It always boggles my mind how pet sitters will allow themselves to be treated as if they are lucky to be in the great presence of their clients, while not realizing that they should instead be respected enough by their clients that the client would feel privileged that the sitter chooses to serve them. Most pet sitters are people who are former nurses, teachers, law enforcement, veterans, master organizers and planners, nutritionists, and a myriad of other professions. Over the course of their lives they have become experts at many things. They have something to offer that is meaningful to someone outside of their current jobs. In other words they deserve respect for just being who they are.

But, all too often I hear about pet sitters who couldn’t make it because they allow everyone else to control what it is that they do. They can’t enforce their policies. They can’t raise their prices. They can’t speak up when they see a pet owner feeding rancid old generic food that’s been in the heat of an AZ garage for 2 years. They can’t tell the client that the damage done by their 6-month old puppy who chews everything in site and is not fully housebroken is not their responsibility. They can’t tell a client that they won’t serve them because they keep their dogs outside 24/7. They can’t tell a client no because they live 20 miles away from their service area. They can’t tell the client that it’s dangerous to put the key under the mat when the sit is over, or that when the power goes out the garage door opener won’t work, so they must have an actual key. They can’t tell the client that walking their two dogs, cleaning their 4 litter boxes, and feeding their 8 cats takes longer than 30 minutes and that they need more money for that. I could go on and on, but basically these are all examples of what happens to a non-assertive person who decides to become a pet sitter. Then of course the sad thing is is that this person ultimately fails, and has to give it up.
What happens after that though is that the clients are left to call other pet sitters who are still in business and wonder why the prices are higher, the policies are tighter, the service area is well defined, and the demands of pet owner responsibility are greater. That pet sitter then has the double duty of having to explain why it can only work this way and why the other way didn’t, on top of explaining what is that they do.
So, I guess that leads to another reason not to start a pet sitting business; If you don’t want to have to sit on the phone for hours and hours explaining why a sucessful pet sitting business is run the way it is run, then don’t do it.


Cheryl August 30, 2009 at 4:54 pm

Great input on this page.

I would add that one needs to have paper work that is simple but l efficient when it comes to taking on a pet sitting job. If one doesn’t know what to ask or make note of on the paper work there are plenty of online sorces to find appropriate forms or contracts for pet sitting assignments. Also a terms and conditions paper regarding liabilty and natural disaster plans is a good idea!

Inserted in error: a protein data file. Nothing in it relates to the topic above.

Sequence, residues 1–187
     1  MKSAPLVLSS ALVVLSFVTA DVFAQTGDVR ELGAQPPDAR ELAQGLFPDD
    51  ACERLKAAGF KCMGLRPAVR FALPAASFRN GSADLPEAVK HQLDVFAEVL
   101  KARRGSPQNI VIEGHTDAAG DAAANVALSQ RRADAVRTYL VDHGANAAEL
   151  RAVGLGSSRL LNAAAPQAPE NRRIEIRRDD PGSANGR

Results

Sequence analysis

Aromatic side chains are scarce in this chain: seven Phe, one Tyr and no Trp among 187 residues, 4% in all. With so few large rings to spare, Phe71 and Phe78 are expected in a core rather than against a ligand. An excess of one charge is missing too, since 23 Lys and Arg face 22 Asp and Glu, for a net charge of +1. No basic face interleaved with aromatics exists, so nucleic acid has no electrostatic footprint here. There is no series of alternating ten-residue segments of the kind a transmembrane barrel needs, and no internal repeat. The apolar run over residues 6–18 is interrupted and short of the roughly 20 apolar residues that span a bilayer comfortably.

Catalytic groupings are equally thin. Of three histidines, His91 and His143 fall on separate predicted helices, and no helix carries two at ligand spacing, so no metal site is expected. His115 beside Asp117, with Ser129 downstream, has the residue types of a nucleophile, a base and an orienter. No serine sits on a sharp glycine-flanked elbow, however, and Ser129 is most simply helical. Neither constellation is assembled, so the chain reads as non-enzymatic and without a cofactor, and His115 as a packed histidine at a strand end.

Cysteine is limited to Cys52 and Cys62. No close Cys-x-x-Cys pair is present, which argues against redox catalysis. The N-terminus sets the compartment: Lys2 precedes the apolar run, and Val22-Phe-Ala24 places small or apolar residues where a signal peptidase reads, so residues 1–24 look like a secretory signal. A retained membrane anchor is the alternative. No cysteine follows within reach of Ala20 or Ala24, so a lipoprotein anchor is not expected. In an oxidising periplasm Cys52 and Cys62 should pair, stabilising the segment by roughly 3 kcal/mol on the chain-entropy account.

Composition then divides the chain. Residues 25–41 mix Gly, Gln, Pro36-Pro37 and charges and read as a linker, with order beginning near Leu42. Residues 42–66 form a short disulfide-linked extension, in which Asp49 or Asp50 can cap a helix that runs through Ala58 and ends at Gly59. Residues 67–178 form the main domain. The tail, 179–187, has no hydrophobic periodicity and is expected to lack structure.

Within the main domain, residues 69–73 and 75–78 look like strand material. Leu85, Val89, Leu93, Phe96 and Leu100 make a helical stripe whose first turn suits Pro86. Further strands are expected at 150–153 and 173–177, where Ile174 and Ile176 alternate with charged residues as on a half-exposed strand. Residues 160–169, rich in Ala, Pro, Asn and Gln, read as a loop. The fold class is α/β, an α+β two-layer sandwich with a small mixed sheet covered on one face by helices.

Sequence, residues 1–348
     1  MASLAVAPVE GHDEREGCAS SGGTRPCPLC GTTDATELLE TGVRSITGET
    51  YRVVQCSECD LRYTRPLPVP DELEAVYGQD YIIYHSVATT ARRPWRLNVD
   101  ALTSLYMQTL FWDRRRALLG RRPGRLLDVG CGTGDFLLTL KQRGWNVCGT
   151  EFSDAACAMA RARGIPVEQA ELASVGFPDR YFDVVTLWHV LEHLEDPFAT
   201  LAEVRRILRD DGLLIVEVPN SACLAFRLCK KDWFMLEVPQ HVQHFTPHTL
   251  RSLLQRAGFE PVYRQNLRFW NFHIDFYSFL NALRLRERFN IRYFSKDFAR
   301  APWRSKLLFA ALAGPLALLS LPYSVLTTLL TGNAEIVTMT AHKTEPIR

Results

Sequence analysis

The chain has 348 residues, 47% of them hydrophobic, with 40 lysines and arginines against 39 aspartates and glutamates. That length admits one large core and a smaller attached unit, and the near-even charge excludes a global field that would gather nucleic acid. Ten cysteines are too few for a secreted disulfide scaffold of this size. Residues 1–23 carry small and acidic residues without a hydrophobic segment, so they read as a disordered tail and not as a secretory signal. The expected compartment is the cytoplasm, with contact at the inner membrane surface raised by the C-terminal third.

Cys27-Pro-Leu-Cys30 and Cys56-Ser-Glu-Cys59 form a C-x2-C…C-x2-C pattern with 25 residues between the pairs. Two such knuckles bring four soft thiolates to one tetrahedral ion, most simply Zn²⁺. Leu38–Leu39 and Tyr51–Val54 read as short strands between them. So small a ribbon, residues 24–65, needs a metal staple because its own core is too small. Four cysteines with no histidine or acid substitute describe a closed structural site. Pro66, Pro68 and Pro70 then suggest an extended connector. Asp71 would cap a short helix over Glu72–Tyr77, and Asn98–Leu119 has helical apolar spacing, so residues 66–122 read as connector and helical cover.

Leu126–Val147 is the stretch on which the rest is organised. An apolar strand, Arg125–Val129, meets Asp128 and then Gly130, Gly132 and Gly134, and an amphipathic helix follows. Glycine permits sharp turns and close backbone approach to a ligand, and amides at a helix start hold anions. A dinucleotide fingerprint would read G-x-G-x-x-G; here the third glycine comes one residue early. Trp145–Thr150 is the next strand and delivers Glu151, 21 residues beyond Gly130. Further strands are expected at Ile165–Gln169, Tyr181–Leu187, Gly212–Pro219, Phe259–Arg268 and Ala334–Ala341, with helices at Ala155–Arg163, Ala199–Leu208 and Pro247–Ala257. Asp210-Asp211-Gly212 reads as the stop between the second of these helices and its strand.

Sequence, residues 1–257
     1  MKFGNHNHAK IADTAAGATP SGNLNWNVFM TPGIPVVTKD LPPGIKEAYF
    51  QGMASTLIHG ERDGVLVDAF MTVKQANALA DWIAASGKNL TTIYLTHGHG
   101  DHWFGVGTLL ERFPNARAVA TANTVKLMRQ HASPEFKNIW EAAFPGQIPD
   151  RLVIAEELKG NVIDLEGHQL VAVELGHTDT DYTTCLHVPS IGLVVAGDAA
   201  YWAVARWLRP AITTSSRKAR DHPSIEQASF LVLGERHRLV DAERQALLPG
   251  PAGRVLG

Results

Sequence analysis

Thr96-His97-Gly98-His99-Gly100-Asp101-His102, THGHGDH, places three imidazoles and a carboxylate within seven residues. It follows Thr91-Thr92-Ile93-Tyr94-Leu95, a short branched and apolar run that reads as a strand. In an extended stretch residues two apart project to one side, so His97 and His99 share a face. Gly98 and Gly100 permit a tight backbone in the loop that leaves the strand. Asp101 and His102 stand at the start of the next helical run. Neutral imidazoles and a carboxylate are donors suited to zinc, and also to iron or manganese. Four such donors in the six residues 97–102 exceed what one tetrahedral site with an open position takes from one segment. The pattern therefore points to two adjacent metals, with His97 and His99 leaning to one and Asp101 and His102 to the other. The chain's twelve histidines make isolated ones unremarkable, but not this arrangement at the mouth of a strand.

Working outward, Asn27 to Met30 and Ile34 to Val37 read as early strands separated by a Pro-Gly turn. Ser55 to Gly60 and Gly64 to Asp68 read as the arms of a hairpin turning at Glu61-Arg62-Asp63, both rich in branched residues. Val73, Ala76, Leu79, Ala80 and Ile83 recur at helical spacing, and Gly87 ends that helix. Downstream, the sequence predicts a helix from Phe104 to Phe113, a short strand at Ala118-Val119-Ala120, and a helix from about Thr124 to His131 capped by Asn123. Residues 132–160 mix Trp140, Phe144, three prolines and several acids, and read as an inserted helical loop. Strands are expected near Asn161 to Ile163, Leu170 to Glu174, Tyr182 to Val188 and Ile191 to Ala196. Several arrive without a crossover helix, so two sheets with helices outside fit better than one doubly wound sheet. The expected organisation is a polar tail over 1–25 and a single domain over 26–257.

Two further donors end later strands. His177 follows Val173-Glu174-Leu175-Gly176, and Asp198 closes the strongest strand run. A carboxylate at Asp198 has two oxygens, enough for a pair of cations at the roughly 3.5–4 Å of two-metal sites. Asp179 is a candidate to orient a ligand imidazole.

Vicki Holt August 30, 2009 at 5:17 pm

Those five reasons are all valid. I’d add that if you’re bored by dealing with details, this business probably isn’t for you. There are hundreds of details to note and remember about every client, which reaches into the thousands as your client list grows. If you can’t be bothered taking copious notes on the details of the animals’ care, then you won’t be able to give them the care they deserve.

If you tend to be a procrastinator about things you don’t enjoy, then unless you really love filing, bookkeeping, keeping tax records, marketing, etc., your business is going to be seriously handicapped.


Kim Waite-Williams August 31, 2009 at 10:40 am

Great article! My (non-petsitting) friends believe all of those points to be true – that I am free to work limited hours frolicking with pets, and making loads of money in the process.

I also agree that these assumptions are what cause so many to fail, and as it was pointed out, this reflects poorly on the whole industry. I belong to a pet sitters network (NOVAPetsitters) and one of our goals is to mentor the newcomer so they build a successful business. Reaching out to other businesses and working to ensure we all meet certain standards benefits all of us.


Lorrie September 1, 2009 at 12:51 am

Great information and oh, so true! One thing I’d have never even thought of before becoming a pet sitter is the social isolation that tends to creep in after years of driving from home to home, hour after hour, day after day, 24/7. It takes a great deal of effort and planning to make sure you don’t neglect your social life and even your appearance. Other than speaking with clients, I’ve found myself sometimes not having had an intelligent conversation with another human other than my husband for weeks! For some this may be a welcome change from a demanding office job, but for the social butterfly it can be a lonely road. While we are driving from home to home, our friends and family are at their secular jobs doing what they do, and when they are at home having dinner, we are tending to that diabetic cat that needs his insulin at 7 PM and to the dogs that have to be let out at 9 PM just before bedtime. Pets are wonderful but we need human companionship just as much as they do. The pet sitter who works long hours, with few days off and non-existent vacation time is constantly challenged to find balance between work and other aspects of life. Learning to say no and set boundaries very early in the game can be of great benefit to the pet sitter who wants it all. Pet sitting, while it can be a fulfilling career, can also consume you if you let it.